body responsible for monitoring compliance in the states party
to the Charter.
European Code of Social Security
The European Code of Social Security and its Protocol, as well as
the Revised European Code of Social Security, set standards in the
social security field on the basis of minimum harmonisation of the
level of social security, providing minimum standards and permitting
(or rather encouraging) the contracting parties to exceed these
Human Rights Intergovernmental Co-operation
The principal role of the Steering Committee for Human Rights
(CDDH), under the auspices of the Committee of Ministers, is to set
up standards commonly accepted by the 47 member States with
the aim of developing and promoting human rights in Europe and
improving the effectiveness of the control mechanism established
by the European Convention on Human Rights.
Human Rights Law and Policy
Strengthening and developing human rights through new legal and
political instruments, guaranteeing coherence and synergies in the
development of human rights law and policy.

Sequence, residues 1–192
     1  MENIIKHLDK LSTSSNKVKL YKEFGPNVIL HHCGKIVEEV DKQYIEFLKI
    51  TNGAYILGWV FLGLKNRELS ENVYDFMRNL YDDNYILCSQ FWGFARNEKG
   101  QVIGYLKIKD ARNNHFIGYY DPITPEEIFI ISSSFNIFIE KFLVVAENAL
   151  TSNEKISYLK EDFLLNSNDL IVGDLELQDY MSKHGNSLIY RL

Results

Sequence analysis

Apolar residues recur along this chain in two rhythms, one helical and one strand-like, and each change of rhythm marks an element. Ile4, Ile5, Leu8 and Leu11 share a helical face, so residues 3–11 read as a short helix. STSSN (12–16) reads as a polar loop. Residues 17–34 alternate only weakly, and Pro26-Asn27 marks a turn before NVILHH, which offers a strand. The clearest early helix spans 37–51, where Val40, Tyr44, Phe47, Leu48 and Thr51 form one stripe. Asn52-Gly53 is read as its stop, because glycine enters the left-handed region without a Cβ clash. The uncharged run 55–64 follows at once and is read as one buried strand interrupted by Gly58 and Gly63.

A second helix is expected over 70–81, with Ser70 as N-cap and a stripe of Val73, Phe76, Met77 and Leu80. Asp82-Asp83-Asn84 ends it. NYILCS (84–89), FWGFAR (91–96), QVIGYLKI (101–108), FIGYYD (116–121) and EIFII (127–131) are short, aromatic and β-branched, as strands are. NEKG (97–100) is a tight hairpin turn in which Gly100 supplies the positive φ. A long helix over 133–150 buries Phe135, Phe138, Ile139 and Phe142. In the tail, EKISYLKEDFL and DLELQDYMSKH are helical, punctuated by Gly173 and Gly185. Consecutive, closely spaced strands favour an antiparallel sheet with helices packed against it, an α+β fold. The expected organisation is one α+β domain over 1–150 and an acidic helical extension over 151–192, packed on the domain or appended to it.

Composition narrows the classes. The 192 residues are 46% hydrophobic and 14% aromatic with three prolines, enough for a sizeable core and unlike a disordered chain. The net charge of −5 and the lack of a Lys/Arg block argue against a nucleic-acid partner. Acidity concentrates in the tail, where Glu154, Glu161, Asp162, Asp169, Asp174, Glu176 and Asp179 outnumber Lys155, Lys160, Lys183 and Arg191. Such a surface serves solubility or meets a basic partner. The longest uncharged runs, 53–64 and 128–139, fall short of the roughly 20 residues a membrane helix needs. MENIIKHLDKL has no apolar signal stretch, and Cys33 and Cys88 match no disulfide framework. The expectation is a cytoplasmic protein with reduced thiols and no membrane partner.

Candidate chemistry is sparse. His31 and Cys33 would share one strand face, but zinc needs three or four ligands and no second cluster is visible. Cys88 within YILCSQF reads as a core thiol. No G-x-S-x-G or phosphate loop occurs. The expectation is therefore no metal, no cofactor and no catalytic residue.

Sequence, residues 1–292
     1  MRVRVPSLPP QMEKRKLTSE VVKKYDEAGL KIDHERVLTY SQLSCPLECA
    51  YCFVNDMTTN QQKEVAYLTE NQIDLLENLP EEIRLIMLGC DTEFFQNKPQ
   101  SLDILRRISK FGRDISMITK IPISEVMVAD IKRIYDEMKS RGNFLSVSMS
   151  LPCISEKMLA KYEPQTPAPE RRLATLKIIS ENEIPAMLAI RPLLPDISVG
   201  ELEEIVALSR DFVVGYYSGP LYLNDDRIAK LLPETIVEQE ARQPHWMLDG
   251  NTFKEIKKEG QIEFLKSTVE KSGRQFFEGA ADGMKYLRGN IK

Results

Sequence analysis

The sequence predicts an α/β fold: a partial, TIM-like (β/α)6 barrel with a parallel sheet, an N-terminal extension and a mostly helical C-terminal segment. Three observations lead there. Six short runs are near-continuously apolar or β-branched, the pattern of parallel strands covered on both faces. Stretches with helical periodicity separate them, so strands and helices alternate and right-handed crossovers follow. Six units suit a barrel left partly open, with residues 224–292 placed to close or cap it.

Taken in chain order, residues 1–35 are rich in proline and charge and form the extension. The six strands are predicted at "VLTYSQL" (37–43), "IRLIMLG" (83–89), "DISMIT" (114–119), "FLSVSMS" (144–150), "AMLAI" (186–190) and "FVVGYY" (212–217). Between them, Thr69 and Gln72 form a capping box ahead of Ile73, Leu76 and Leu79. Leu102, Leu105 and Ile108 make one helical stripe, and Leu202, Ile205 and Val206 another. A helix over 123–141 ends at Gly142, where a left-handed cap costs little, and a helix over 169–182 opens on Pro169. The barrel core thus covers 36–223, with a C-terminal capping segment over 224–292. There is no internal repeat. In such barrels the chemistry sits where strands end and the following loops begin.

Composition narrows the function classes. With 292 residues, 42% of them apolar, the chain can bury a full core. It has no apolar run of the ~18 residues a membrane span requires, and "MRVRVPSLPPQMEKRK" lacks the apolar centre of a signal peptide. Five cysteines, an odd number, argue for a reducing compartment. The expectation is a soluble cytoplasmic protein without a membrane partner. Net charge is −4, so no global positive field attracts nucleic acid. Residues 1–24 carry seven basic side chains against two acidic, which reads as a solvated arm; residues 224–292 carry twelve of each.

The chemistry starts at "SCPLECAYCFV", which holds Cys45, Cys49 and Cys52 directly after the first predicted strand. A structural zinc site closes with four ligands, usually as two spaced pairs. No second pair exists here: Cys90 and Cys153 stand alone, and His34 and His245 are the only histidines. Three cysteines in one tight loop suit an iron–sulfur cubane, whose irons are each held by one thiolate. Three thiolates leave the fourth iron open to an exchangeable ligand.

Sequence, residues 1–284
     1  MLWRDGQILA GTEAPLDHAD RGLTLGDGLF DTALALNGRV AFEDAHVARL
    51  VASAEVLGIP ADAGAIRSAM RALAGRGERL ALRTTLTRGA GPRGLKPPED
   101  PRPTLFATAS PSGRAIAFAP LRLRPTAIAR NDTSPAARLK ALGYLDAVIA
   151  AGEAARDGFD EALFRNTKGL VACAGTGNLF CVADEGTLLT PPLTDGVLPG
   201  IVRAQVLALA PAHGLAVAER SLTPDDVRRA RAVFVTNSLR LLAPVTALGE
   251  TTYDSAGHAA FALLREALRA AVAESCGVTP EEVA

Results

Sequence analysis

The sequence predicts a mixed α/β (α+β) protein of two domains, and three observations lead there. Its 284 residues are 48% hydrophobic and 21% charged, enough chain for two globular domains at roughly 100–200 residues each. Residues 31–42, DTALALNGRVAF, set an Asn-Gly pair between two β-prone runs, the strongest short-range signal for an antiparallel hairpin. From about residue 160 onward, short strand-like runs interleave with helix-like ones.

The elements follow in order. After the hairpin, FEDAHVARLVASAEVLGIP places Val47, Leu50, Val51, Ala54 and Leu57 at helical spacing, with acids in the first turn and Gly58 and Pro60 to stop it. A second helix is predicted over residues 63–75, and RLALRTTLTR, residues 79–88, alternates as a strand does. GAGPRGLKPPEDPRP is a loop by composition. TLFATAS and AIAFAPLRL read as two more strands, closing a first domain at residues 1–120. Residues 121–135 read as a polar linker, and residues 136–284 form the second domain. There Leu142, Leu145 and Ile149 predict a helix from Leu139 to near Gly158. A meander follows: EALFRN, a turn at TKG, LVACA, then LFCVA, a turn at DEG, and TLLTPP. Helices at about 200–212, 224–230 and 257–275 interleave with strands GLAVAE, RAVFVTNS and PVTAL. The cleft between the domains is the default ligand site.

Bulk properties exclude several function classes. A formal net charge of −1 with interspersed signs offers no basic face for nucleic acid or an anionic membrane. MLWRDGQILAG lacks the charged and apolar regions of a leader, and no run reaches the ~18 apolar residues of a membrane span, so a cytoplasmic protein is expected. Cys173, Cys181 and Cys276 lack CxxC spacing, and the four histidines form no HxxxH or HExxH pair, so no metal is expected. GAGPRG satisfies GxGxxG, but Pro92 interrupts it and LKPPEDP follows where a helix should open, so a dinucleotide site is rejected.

The Oviedo Convention, signed by most of the European States,
together with its Additional Protocols, sets out the fundamental
principles applicable in day-to-day medicine as well as those
applicable to new technologies in human biology and medicine.
Human Rights Trust Fund (HRTF)
The Fund finances activities that support member states’ efforts in
implementing the European Convention on Human Rights ("the
Convention”) and other Council of Europe human rights instruments
and contributes to strengthening the sustainability of the European
Court of Human Rights.
European Programme for Human Rights Education
for Legal Professionals (HELP)
The HELP Programme supports the Council of Europe member
states in implementing the European Convention on Human Rights
(ECHR) at the national level, in accordance with the Committee of
Ministers Recommendation (2004) 4, the 2010 Interlaken and 2012
Brighton Declarations. This is done by enhancing the capacity of
judges, lawyers and prosecutors in all 47 member states to apply
the ECHR in their daily work.
Public and private law development
The European Committee on Legal Co-operation (CDCJ) is an